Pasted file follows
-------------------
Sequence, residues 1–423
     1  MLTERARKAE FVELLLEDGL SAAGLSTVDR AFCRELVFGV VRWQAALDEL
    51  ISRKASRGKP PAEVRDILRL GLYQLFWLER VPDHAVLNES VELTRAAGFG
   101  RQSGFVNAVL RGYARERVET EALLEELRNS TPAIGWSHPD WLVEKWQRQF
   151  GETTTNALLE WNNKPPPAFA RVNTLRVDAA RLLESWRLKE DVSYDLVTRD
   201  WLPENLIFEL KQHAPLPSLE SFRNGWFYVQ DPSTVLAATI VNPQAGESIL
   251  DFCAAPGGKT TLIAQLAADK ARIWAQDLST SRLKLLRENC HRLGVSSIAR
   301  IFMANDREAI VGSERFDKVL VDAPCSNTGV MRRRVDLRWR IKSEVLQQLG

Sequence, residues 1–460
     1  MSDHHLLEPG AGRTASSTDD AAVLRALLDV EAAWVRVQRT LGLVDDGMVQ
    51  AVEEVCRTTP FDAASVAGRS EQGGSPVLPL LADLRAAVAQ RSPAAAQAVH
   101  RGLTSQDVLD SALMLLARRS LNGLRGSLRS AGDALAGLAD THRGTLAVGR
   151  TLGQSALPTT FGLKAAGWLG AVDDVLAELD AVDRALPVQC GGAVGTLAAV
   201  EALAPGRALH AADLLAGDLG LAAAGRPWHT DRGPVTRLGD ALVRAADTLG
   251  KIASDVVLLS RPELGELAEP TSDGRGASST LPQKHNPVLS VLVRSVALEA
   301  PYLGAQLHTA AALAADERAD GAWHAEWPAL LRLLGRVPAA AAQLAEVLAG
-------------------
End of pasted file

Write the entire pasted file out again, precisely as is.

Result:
Sequence, residues 1–423
     1  MLTERARKAE FVELLLEDGL SAAGLSTVDR AFCRELVFGV VRWQAALDEL
    51  ISRKASRGKP PAEVRDILRL GLYQLFWLER VPDHAVLNES VELTRAAGFG
   101  RQSGFVNAVL RGYARERVET EALLEELRNS TPAIGWSHPD WLVEKWQRQF
   151  GETTTNALLE WNNKPPPAFA RVNTLRVDAA RLLESWRLKE DVSYDLVTRD
   201  WLPENLIFEL KQHAPLPSLE SFRNGWFYVQ DPSTVLAATI VNPQAGESIL
   251  DFCAAPGGKT TLIAQLAADK ARIWAQDLST SRLKLLRENC HRLGVSSIAR
   301  IFMANDREAI VGSERFDKVL VDAPCSNTGV MRRRVDLRWR IKSEVLQQLG

Sequence, residues 1–460
     1  MSDHHLLEPG AGRTASSTDD AAVLRALLDV EAAWVRVQRT LGLVDDGMVQ
    51  AVEEVCRTTP FDAASVAGRS EQGGSPVLPL LADLRAAVAQ RSPAAAQAVH
   101  RGLTSQDVLD SALMLLARRS LNGLRGSLRS AGDALAGLAD THRGTLAVGR
   151  TLGQSALPTT FGLKAAGWLG AVDDVLAELD AVDRALPVQC GGAVGTLAAV
   201  EALAPGRALH AADLLAGDLG LAAAGRPWHT DRGPVTRLGD ALVRAADTLG
   251  KIASDVVLLS RPELGELAEP TSDGRGASST LPQKHNPVLS VLVRSVALEA
   301  PYLGAQLHTA AALAADERAD GAWHAEWPAL LRLLGRVPAA AAQLAEVLAG